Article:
Monday, December 13, 2010

Pro-Life, but Anti-Logic

You know, sometimes, your junkmail can provide hours of fun. Or at least brief moments of humor.

For example, I get emails from a group calling themselves "Americans for Life," a particularly humorless bunch of irony-deprived pedants (or at least one pedant – I have no evidence that there’s anybody in this group except for Jonathan Ball, the purported author of all these emails).

Anyway, today’s message from Mr Ball is a fascinating note entitled
The Depravity of Planned Parenthood
Now, think about that statement for just a second. Apparently, family planning is depraved; you should never take control of your own life or responsibility for your breeding habits – God wants you to breed like dogs in heat, dropping a litter of puppies every year.

And to be honest, in the end, that's exactly what they believe. Why do you think that so many fundie families involve eight or ten kids?
Dear Bill,

As Christmas approaches, I find myself full of joy and appreciation of the many blessings God has bestowed upon me and my family.
He always starts off friendly, but it invariably goes downhill quickly.
But an email I received recently has greatly upset me.

An Americans for Life supporter informed me recently of Planned Parenthood’s Christmas campaign, “Choice on Earth.”
Well, it’s a cute marketing campaign. Why does this upset you? Because their PR people are better than yours? (And yes, the semi-random use of underlining is entirely a stylistic choice on his part. It’s like “Underscore Tourette’s” or something.)
You see, this Christianity-mocking campaign hopes to spread their message of "choice" by seeking donations to make abortion more available in 2011.

In years past, Planned Parenthood even sold “Choice on Earth” Christmas cards and t-shirts as a fundraising gimmick.

This has left me deeply disturbed.
Aw, Jonny, I think you’re giving entirely too much credit to this email - I'm thinking you were disturbed wa-a-ay before this.
The Abortion Lobby would have you and I believe that the best choice for poor, unwed teenage mothers is to end the life of their child rather than facing hardship.

That it is better for these unborn children to be killed than face a rough childhood.
Well... yes, actually. Don’t you want people to live by the words of the Bible?

“And I declared that the dead, who had already died,
are happier than the living, who are still alive.
But better than both is the one who has never been born,
who has not seen the evil that is done under the sun.” (Ecclesiastes 4:2-3)

Oh, sorry, was that rude?
However, you and I have to look no further than the birth of Christ, the very reason for the celebration of Christmas, to see why every child, no matter the parent’s situation, deserves a chance at life.

You see, Mary was young and unwed at the time of her pregnancy. She was forced to give birth to Jesus in a stable and use a feeding trough as a cradle. This was far from ideal.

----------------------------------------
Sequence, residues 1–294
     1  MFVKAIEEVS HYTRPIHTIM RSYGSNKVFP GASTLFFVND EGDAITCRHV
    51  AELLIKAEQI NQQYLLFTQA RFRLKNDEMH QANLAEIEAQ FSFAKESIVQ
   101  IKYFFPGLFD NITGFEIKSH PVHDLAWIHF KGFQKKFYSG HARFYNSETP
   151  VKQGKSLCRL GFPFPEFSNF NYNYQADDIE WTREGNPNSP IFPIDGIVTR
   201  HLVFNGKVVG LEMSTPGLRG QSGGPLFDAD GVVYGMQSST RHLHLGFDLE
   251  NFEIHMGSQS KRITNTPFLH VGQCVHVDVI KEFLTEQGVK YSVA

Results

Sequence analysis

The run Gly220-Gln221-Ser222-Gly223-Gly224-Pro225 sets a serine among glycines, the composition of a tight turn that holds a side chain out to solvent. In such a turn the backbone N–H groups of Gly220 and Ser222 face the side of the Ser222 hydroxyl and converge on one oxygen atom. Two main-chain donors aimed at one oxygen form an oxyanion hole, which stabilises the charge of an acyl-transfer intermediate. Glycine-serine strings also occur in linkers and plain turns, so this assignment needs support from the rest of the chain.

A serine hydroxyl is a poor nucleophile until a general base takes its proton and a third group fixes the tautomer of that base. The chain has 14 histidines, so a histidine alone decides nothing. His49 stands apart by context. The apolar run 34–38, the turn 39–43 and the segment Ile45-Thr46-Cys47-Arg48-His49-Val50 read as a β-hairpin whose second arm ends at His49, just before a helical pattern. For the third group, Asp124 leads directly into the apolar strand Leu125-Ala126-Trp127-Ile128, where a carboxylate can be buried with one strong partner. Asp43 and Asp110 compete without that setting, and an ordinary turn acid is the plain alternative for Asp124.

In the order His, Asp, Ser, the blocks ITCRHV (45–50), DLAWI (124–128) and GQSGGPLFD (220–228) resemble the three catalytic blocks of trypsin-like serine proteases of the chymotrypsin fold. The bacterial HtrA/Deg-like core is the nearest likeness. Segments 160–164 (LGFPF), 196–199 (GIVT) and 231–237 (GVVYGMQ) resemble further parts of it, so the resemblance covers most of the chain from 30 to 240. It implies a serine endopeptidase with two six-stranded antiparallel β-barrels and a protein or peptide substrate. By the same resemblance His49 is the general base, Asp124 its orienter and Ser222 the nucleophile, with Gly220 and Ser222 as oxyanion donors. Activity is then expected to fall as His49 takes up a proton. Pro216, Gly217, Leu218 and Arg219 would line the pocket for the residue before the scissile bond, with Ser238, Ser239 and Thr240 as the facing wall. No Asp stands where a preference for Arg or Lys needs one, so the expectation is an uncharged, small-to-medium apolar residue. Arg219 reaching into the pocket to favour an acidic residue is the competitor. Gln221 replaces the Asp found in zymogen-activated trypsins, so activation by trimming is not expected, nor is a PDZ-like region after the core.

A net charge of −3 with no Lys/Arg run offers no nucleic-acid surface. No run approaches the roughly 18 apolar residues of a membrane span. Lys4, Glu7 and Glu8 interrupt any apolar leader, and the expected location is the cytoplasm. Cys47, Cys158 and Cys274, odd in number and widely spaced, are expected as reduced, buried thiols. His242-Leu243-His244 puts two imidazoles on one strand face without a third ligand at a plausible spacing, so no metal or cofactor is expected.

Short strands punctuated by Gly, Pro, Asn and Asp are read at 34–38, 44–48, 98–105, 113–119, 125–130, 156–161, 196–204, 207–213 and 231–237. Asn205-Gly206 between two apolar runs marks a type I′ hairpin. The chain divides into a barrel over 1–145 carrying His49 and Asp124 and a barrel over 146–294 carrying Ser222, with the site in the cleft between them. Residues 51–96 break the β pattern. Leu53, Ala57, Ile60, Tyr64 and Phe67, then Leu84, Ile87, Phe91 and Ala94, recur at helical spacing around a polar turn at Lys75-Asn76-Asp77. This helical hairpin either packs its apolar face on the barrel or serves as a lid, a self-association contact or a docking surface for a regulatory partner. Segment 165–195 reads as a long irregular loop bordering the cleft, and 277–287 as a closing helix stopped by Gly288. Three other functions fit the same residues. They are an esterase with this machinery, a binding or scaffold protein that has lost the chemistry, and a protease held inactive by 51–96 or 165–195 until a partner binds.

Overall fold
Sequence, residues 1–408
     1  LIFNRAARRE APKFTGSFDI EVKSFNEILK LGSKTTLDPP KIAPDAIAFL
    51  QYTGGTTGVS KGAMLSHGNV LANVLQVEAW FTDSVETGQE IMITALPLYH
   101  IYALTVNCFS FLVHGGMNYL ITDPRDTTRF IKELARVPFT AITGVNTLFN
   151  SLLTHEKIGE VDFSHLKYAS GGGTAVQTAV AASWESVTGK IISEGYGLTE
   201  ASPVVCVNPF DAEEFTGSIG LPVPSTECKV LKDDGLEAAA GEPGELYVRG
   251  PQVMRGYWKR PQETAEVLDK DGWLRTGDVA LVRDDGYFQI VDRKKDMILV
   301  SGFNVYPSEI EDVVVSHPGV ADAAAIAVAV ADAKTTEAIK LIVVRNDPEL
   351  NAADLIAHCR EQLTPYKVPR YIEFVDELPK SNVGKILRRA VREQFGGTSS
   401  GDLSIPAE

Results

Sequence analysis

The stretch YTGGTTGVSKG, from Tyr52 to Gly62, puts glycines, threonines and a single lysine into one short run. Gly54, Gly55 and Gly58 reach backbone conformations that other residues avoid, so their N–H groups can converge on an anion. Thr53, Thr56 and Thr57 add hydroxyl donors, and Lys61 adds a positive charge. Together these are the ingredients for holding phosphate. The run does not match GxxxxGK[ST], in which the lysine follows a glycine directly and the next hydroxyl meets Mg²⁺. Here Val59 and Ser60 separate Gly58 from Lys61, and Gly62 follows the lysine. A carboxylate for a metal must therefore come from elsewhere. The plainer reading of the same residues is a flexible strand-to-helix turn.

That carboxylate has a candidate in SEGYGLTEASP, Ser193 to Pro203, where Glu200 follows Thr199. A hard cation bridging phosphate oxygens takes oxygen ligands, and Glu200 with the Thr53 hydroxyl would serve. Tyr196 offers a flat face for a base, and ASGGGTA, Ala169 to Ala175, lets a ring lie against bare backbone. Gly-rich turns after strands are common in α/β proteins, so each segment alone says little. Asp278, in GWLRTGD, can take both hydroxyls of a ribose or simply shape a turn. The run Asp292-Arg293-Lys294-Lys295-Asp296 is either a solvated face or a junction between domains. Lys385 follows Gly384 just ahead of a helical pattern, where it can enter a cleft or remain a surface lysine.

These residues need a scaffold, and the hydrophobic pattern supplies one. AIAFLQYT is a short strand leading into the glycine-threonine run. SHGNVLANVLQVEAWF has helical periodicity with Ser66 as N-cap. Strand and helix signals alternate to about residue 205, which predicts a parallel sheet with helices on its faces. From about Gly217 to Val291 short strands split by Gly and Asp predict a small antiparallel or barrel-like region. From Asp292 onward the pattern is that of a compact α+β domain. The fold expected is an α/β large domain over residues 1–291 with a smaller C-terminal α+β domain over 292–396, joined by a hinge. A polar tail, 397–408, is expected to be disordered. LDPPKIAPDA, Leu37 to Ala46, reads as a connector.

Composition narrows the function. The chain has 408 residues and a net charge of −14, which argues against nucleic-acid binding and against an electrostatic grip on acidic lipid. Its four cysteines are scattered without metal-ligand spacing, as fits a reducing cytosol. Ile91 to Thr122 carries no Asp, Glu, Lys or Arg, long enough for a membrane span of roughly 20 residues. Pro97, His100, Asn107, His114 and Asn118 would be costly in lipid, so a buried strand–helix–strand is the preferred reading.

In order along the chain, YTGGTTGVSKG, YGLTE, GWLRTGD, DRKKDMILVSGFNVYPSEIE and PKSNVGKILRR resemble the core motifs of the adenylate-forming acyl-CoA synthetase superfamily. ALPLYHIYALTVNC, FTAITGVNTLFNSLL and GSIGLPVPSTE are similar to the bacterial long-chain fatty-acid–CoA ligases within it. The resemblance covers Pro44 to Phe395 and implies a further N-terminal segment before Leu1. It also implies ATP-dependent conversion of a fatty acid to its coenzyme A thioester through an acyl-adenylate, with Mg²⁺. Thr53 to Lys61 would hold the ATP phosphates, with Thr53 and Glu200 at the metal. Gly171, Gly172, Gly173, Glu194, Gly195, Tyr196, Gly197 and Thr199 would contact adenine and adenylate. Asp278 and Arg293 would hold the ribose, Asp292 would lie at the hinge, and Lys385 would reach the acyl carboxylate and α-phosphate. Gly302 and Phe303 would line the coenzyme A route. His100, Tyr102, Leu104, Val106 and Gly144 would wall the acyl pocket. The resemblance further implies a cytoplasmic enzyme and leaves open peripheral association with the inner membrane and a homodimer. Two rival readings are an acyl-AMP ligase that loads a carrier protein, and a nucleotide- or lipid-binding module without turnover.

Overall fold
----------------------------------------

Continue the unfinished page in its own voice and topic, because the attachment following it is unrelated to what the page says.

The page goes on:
How could a child born into such a situation ever grow up to be anything worthwhile?
It’s a fascinating argument. Of course, one counter position might be that in April of 1889, a child was born to Alois Hitler and Klara Pƶlzl. But that might be considered an unreasonable attitude. Plus, it's in direct violation of Godwin’s Law, and I'm already in trouble with the Internet Police. So we’ll just terminate that thought; let it die a’borning, so to speak.

Ball goes on for a while after that, yammering about the sanctity of life (something rarely found in nature, but we’ll move on), and then to his main point (and again, it’s underlined, just because he can).
Planned Parenthood must be defunded to force the closure of as many abortion clinics as possible.
Which openly ignores the fact that only three percent of Planned Parenthood’s annual budget covers abortion; the other 97% goes toward other health and reproductive needs for poor and underserved citizens. But that might be too much honesty for Mr Ball to handle.

And then, of course, he begs a lot; there are three separate links to donate money to this fine organization scattered through the last four paragraphs. Really nothing new - these guys are rarely known for their imagination.

Now, as far as I can tell, Jonathan Ball's Americans for Life is entirely different from this Americans for Life - both were founded in 1996, but have different leadership, And neither one of them seems to have any connection to the older Americans United for Life. However, it's probably important to note that Black Americans for Life is entirely unrelated to any of these previous groups - they're part of the National Right to Life Coalition

I'm assuming this is some sort of "People's Front of Judea" type of situation.

(I also think I may have stumbled on to one reason why Roe v Wade is still around.)


uzza said...

This is a good post. and I love me that ecclesiates quote, too.

Infidel753 said...

I also think I may have stumbled on to one reason why Roe v Wade is still around.

Well, the plethora of dissociated groups may have something to do with it, but the e-mail itself points to a more fundamental reason. These people's rhetoric and "arguments" collapse instantly under the slightest analytical scrutiny; that is, they're incapable of advocating for their views in terms which make any sense except to people who already agree with them.